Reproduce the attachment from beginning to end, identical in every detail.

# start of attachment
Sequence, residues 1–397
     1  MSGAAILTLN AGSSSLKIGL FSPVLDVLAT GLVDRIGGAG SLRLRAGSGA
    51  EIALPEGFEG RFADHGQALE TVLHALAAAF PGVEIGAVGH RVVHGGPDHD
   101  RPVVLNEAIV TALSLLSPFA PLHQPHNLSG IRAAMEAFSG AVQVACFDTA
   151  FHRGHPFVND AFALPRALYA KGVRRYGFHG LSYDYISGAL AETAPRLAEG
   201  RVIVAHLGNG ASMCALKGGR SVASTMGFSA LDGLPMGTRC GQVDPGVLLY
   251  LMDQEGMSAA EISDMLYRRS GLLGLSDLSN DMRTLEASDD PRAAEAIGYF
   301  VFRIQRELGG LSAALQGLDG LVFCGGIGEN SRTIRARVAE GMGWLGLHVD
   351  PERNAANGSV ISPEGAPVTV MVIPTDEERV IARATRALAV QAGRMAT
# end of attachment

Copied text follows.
Sequence, residues 1–397
     1  MSGAAILTLN AGSSSLKIGL FSPVLDVLAT GLVDRIGGAG SLRLRAGSGA
    51  EIALPEGFEG RFADHGQALE TVLHALAAAF PGVEIGAVGH RVVHGGPDHD
   101  RPVVLNEAIV TALSLLSPFA PLHQPHNLSG IRAAMEAFSG AVQVACFDTA
   151  FHRGHPFVND AFALPRALYA KGVRRYGFHG LSYDYISGAL AETAPRLAEG
   201  RVIVAHLGNG ASMCALKGGR SVASTMGFSA LDGLPMGTRC GQVDPGVLLY
   251  LMDQEGMSAA EISDMLYRRS GLLGLSDLSN DMRTLEASDD PRAAEAIGYF
   301  VFRIQRELGG LSAALQGLDG LVFCGGIGEN SRTIRARVAE GMGWLGLHVD
   351  PERNAANGSV ISPEGAPVTV MVIPTDEERV IARATRALAV QAGRMAT